It was sad to see Justin Barker and his family line up behind Reed Walters and a clutch of police officers the day before the rally. Mr. Walters is no friend of the Barker family, and his is no friend of Jena. He is a pathetic shill for a political establishment dedicated to the maintenance of Jim Crow inequality. The final victim of Mr. Walters’ pen will be his career as a prosecutor.

I am encouraged to read that Craig Watkins, the new District Attorney of Dallas County, has expressed concern over Reed Walters professional deportment. Several men and women from the Dallas District Attorneys office made the trip to Jena as observers. We need prosecutors who are tough but fair. Watkins fits the bill; Walters does not.

Rumors spread like a prairie fire when little towns like Jena find themselves under the media microscope. Everyone was convinced that the KKK were going to march on September 20th. Later in the day, a rumor swept through town that Mychal Bell had been released from prison. Fortunately, the KKK waited for the crowds to leave. Unfortunately, Mychal Bell is still incarcerated.

The day ended with a Hip Hop concert at the park organized by some of the family members. Artists from across Louisiana drove to Jena to show their support for the Jena 6. The NAACP of Louisiana did its level best to shut down the Hip Hop venue. They were concerned about the n-word, the f-word, and all the rest. The event received little publicity. If the Hip Hop generation is going to take the lead in this new civil rights movement, socially conscious Hip Hop music has got to be front and center.

An event this peaceful, positive, and exuberant was bound to inspire backlash from some of our sick white brothers and sisters. Trucks were driving around Alexandria (about 45 minutes down the road from Jena) sporting nooses. The intent was to spark violence. It didn’t work. Anyone disciplined enough to make it to Jena was too savvy to fall for an ignorant provocation like that.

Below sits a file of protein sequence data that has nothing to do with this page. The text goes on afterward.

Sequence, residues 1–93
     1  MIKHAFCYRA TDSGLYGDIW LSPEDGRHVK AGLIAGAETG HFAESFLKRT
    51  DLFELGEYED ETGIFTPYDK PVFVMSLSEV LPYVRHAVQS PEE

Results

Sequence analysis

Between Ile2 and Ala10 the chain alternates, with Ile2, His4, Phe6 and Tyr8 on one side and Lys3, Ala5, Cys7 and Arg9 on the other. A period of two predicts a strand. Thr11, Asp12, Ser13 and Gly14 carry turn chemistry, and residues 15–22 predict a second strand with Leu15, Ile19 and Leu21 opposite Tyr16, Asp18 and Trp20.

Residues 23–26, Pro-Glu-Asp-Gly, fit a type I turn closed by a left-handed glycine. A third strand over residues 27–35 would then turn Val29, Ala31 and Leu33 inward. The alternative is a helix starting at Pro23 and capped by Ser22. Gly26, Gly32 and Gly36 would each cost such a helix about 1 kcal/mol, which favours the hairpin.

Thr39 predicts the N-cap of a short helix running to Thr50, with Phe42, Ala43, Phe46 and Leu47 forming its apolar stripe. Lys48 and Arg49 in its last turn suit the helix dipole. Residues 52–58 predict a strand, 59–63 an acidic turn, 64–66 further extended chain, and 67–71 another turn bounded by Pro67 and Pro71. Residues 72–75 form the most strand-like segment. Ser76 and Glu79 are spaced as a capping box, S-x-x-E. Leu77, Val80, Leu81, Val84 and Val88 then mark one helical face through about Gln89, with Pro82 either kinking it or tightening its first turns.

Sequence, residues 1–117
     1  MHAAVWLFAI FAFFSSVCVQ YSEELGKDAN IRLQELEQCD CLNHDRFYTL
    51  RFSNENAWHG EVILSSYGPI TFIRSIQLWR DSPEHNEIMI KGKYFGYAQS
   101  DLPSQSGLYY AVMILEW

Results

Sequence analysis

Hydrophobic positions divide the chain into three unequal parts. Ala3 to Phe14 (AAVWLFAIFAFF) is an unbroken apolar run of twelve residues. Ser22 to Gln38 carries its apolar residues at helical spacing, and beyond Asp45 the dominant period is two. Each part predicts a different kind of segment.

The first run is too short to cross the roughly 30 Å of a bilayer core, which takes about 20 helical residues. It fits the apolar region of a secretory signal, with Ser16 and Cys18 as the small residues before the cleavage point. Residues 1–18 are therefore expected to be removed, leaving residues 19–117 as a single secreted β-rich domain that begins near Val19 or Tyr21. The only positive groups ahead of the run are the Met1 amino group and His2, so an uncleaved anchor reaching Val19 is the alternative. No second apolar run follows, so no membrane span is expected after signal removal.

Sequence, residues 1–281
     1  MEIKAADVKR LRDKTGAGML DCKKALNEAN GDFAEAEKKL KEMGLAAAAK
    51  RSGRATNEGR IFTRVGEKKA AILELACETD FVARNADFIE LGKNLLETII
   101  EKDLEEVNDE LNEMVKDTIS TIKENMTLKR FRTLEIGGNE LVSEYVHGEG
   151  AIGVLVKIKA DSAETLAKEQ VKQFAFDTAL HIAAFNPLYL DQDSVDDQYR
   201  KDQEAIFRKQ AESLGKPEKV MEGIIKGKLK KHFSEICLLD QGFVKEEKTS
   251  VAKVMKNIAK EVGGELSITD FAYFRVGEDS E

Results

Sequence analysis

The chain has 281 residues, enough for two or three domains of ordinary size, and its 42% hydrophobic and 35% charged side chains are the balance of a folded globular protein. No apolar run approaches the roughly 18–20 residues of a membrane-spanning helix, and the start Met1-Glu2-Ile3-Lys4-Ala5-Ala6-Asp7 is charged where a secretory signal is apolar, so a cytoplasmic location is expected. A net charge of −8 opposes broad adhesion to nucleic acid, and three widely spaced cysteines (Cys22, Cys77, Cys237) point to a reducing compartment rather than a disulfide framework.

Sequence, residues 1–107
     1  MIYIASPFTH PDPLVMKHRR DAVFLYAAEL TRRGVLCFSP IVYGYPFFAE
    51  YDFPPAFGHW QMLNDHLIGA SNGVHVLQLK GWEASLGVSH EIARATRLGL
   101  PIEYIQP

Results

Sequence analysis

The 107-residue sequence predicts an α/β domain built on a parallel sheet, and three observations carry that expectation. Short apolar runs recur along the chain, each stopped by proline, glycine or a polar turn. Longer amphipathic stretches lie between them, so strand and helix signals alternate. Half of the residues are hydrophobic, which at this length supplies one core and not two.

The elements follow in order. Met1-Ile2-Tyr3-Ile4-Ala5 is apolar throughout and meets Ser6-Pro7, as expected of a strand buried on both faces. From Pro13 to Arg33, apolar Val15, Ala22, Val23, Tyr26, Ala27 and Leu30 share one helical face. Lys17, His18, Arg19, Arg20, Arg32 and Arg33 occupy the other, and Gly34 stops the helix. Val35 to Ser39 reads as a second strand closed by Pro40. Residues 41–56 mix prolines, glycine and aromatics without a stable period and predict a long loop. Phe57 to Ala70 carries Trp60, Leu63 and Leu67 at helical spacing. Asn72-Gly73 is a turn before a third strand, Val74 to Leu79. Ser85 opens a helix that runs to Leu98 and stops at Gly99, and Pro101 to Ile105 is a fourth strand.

Later, things grew more sinister. A white supremacy web site has published the addresses and phone numbers of the defendants, their families, attorneys and supporters. David Duke has come out in support of Justin Barker—another friend the family doesn’t need. Since almost 70% of LaSalle Parish voters supported Duke’s run for Governor back in the day, David felt it was his duty to ride to their defense.

Mr. Walters; when David Duke and the Klan are your best friends, you have a PR problem.

Please continue to pray for the Jena 6 and their families. Also pray for Justin Barker and his family. And pray for the people of Jena—white and black. When the celebrities leave and the reporters pack up their cameras, these folks have got to find a way to live together. Let’s keep our protest focused, fact-based, and objective. Jena is America. America is broken and badly needs fixing. So does Jena. The New Jim Crow is the sickness; justice is the cure.

The Wall of Shame

Friends of Justice
3415 Ainsworth Court, Arlington, TX 76016 817.457.0025

Thankfully, we’re getting past the, “Is Jena the most racist town in America?” question. Jena is America. No one would be talking about the Jena 6 were it not for the bizarre behavior of District Attorney (and lay preacher) Reed Walters, the prosecutor who told students at the Jena High School that he could make their lives disappear with a stroke of his pen. Moments earlier, black students had occupied the “white tree” at Jena High School. White students and white police officers had surrounded the protestors. Push was coming to shove. Tension was high. Mr. Walters aimed his grotesque threat at the black students responsible for organizing the impromptu protest under the now-famous tree.

At a mid-June hearing, Reed Walters explained that he was highly frustrated when he made the remark. In his opinion, the black students were making a mountain out of a molehill. Superintendent Roy Breithaupt was asserting that the white boys who hung nooses from the tree in the school courtyard were guilty of nothing more serious than a childish prank. Mr. Walters agreed. Black students, and the black parents who had gathered at a black Baptist church the previous evening to voice their outrage and consider their options, were equally out of line. Walters explained that he wanted to put a stop to the madness–hence the “stroke of my pen” comment.